Is There a Debt Crisis? Can Cannabis Light Up an L.A. Neighborhood? Is Harvard to Blame for Sheryl Sandberg?

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Good Wednesday Morning,


A Volkswagen and Ford alliance might be one borne out of necessity. VW’s misleading emissions data controversy has hurt their global stock and Ford has stopped making everything except basically Mustangs and trucks. The trade war hasn’t helped either automaker, but this wouldn’t be a merger, more of an agreement to tackle niches in the industry such as hybrid SUVs and autonomous vehicles.

By the way, GM won’t be making any of the following cars as it closes more factories across the nation: Buick LaCrosse, Cadillac CT6, Cadillac XTS, Chevy Cruze, Impala and Volt.


The largest marijuana retail space in the country is opening in Downtown Los Angeles amid hopes that it will rejuvenate its Jewelry District: “A seven-story building in the heart of Los Angeles’ Jewelry District will open up, filled with tenants who all have cannabis somewhere in their job description. The 67,000-square-foot Green Street Building (the name is in reference to its anchor tenant, the Green St. Agency, which works solely with clients in the marijuana industry) will house everything from co-working spaces to an art gallery, dispensary, restaurant, law firm, luxury spa and lounge.”


President Trump is blaming the Fed and higher interest rates for recent stock market declines and for General Motors’ announcement of plant closures and layoffs: “I’m doing deals, and I’m not being accommodated by the Fed,” Trump said. “They’re making a mistake because I have a gut, and my gut tells me more sometimes than anybody else’s brain can ever tell me.”

Is the US on the verge of a corporate debt crisis? “In the last decade, well-established companies including GE, AT&T, CVS Health, Sherwin-Williams and Campbell Soup went on acquisition binges fueled largely by cheap borrowing.

“As interest rates rise and the economy appears to be slowing, they are in not-insignificant danger of defaulting on the debt, a fear that has started to cause disturbing ripples in the debt and equity markets. Exhibit A of brewing trouble is GE – once the world’s most valuable company and a paragon of debt virtue – it had a AAA credit rating until 2015. Those days are gone.”


Elon Musk’s plan to solve California’s traffic problem will be put on the “what if” shelf as he has pulled the plug. The Boring Company had already dug a two-mile tunnel. The withdrawal is reportedly because community groups sued the city of Los Angeles after it planned to exempt the company from an environmental review process. The Boring Company has plans to build a tunnel under Dodgers Stadium.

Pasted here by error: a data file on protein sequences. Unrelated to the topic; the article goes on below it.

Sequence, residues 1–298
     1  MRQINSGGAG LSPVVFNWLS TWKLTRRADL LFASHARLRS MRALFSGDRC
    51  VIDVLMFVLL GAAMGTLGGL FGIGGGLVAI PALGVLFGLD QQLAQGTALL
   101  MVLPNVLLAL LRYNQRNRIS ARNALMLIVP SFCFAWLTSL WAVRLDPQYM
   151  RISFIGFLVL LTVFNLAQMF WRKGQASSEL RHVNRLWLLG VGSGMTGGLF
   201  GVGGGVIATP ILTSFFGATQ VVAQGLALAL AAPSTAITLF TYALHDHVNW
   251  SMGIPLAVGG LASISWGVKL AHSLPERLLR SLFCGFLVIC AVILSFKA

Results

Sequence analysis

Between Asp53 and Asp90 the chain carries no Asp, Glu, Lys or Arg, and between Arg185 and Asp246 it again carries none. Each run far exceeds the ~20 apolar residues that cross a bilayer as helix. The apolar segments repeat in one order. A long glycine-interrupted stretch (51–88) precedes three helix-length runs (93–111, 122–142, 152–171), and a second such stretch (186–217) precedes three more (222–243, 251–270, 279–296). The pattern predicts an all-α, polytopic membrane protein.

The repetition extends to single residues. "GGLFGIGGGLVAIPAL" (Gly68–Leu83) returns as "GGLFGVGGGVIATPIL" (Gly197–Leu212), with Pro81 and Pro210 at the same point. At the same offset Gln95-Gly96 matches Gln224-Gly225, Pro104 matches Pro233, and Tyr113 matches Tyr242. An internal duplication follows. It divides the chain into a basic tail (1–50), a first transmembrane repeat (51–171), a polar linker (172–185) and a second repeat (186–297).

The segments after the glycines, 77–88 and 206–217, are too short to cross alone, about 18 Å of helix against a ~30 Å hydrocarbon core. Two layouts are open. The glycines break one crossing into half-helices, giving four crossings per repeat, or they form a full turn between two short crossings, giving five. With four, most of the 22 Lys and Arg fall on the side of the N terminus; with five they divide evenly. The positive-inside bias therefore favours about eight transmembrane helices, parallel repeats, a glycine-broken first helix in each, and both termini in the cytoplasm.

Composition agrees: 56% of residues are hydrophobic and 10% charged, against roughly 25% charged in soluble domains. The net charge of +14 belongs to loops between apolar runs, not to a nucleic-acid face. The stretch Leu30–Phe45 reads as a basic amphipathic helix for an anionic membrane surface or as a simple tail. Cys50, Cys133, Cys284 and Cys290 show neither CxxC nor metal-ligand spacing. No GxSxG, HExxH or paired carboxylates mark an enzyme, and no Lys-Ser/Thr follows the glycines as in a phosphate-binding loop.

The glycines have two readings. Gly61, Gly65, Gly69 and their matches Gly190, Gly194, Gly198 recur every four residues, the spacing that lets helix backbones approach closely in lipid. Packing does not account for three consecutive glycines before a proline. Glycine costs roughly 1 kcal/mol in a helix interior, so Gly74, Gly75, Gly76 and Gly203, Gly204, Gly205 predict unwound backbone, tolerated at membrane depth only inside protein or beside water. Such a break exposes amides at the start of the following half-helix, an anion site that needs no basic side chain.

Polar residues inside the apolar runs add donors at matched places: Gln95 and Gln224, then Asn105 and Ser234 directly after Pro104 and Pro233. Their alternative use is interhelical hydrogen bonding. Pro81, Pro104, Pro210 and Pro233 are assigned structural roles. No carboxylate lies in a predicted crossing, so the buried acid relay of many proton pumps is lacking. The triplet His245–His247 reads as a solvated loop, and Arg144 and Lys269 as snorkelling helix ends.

Josh Hix is a great example of a smart exit. After raising $100 million for his company and a feature on Shark Tank, he was able to sell his meal-kit service Plated for $300 million to Albertsons. Hix’s exit was smooth and beneficial because he kept his investors savvy to the M&A process. That meant having private, marathon conversations with the primary investors so they could be heard. Part of it comes from listening and getting along.


From M&A Guru Zack Eller – Atar Capital acquired Microcel Corporation. Microcel is a distributor of tech products. With some very interesting product offerings, Microcel should be making its way into the United States in the next 12 months.

Dynamic Engineering Solutions was acquired by EverWatch solutions. EverWatch has a variety of government contracts while DES serves as a consultant. DES recently partnered with Amazon and Redhat, and our guess is that they will be picking up government contracts for their consulting services soon.


The World Chess Championships are underway and before you scroll past, would it make a difference that an American is in the final and we could have our first champion since 1972 which was Bobby Fischer? Magnus Carlsen and Fabiano Caruana have played 12 straight draws.


Is Harvard to blame for Sheryl Sandberg’s struggles at Facebook? “The article helped spawn the annual multi-billion-dollar exercise in nonsense known as the Leadership Industry, with Harvard as ground zero. The article gave Harvard Business School a new raison d’être in light of the fact that the product it had been selling for decades – managers – was suddenly no longer in vogue.

“Henceforth, it would be molding leaders. Which brings us back to Sheryl Sandberg, the ostensible exemplar of what Harvard Business professor Bill George calls Authentic Leadership. Before the wheels started to fall off at Facebook, Sandberg was profiled in George’s book, Discover Your True North, as a model of the kind of authentic leader HBS claims to churn out.”